Indianapolis and the surrounding communities have an asset that can attract more visitors to the Circle City, and it’s time to stop ignoring it, leaders decided.

Gahl said now is the time to revitalize the river. Indianapolis is five years into Dig Indy—a 12-year, $2 billion investment to improve waterways by building a 28-mile network of underground tunnels to eliminate sewer overflows into area waterways. That system will keep millions of pounds of sewage annually out of the White River.

The river is already healthier than it was years ago, said urban planner Brie Hensold of Cambridge, Massachusetts-based Agency Landscaping and Planning, the firm hired to help lead the White River Vision Plan. Dig Indy will only make it cleaner.

“We can dream a real future where you can swim and fish,” she said.

Nearly 2 million Hoosiers live close to the river, but in many ways, it’s long been invisible, Hensold said.

focus-riverwalk-25-15col.jpg Riverwalk Depot is a pocket park in Noblesville that integrates a 12-foot-long metal train sculpture that serves as a bicycle rack. (IBJ photo/Eric Learned)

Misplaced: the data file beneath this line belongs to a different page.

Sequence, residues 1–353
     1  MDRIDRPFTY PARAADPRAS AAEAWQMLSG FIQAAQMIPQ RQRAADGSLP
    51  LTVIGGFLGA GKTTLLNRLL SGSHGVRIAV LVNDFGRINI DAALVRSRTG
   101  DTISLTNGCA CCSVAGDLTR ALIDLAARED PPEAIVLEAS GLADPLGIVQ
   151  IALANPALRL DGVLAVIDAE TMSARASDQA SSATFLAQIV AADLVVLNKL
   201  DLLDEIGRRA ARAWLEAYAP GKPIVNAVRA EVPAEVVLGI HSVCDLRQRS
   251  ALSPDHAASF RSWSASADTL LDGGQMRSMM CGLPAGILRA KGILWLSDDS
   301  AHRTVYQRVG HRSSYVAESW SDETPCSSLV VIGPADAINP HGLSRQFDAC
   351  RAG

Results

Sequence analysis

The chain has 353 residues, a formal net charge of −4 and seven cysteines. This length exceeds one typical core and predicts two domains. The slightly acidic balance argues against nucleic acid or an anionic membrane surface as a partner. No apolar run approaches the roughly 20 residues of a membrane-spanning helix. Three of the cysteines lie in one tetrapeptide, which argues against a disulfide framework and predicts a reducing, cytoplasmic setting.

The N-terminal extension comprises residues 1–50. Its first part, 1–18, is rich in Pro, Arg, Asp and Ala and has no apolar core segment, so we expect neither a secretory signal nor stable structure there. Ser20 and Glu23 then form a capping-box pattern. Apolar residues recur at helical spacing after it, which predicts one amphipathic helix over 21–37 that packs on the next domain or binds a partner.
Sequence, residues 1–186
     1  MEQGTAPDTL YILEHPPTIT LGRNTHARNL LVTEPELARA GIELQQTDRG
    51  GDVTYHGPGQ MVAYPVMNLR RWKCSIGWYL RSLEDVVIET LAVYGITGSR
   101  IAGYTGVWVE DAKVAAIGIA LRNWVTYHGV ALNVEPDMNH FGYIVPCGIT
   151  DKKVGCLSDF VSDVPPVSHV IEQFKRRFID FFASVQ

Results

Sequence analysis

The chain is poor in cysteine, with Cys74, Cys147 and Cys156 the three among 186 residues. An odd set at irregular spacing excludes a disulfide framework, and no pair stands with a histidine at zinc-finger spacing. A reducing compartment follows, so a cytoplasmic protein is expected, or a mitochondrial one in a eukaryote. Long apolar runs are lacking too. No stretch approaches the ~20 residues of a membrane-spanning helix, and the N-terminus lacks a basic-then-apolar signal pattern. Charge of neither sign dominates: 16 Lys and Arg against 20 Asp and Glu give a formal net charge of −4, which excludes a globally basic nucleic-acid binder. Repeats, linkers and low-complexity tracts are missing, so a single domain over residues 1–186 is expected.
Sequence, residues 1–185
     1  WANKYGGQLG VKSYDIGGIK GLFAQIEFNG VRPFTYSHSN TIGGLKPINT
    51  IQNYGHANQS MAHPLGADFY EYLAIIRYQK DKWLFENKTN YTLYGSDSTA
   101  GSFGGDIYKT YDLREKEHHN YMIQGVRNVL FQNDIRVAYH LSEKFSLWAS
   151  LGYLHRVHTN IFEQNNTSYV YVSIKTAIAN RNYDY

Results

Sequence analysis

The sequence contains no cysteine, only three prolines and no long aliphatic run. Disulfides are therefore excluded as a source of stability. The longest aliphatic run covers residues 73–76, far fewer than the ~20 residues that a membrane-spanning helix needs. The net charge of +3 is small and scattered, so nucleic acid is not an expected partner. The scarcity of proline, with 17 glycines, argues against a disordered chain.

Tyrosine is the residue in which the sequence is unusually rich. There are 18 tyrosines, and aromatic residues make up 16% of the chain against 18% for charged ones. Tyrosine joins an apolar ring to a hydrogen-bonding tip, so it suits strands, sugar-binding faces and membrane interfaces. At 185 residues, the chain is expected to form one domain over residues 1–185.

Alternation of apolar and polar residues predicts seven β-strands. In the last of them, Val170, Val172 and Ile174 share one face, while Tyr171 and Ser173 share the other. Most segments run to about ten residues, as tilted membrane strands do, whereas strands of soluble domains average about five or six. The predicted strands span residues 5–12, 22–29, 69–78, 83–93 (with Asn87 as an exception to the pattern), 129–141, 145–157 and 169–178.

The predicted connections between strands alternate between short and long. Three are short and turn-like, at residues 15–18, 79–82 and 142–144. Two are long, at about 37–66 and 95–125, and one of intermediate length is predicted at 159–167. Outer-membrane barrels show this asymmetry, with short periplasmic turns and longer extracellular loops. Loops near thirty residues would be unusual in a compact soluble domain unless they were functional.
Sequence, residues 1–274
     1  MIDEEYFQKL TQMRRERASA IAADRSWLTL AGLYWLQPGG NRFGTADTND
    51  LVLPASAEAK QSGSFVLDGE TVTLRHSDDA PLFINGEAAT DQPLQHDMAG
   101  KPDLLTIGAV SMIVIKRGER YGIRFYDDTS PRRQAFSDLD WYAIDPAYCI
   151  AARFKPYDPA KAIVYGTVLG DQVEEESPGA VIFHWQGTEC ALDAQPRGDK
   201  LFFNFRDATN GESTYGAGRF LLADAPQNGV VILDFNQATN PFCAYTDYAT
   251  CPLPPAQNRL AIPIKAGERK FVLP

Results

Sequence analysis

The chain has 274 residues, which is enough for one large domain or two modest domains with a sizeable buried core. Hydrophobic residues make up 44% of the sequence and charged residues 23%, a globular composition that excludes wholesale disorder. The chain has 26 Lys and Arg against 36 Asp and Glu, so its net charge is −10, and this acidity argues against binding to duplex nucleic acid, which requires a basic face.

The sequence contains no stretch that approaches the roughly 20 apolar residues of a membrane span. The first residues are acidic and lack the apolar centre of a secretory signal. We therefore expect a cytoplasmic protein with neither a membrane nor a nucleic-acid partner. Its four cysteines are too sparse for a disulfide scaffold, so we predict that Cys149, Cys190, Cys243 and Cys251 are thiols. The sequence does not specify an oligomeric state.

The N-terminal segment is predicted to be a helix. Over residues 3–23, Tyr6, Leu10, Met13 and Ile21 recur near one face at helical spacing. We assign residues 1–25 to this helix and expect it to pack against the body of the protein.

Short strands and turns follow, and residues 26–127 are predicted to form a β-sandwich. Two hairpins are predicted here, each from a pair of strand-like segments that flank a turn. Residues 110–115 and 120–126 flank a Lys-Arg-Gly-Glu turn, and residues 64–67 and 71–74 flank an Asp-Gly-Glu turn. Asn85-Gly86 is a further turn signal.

The master plan will promote:

Access to the White River for residents and visitors.

The environmental value and ecological quality of the river corridor.

Connection to attractions, arts and entertainment venues, hiking and biking trails, and neighborhoods.

Experiences along the water that contribute to the area’s cultural heritage and history.

Nationwide renaissance

Hensold and her partner, Gina Ford, a landscape architect, have helped community leaders develop riverfronts and canals in cities across the country, including in Denver, Chicago and Pittsburgh.

Before forming Agency Landscaping and Planning, the pair worked for Sasaki Associates, the firm that helped design White River State Park, so they’re familiar with Indianapolis and its river.

Their first task is to help the plan’s leaders understand all the pieces in play: the river’s ecology and hydrology, the communities involved and the current recreational opportunities.

“The client team sees an unmet need and a huge unmet resource in the river, so we’re trying to connect the dots,” Ford said.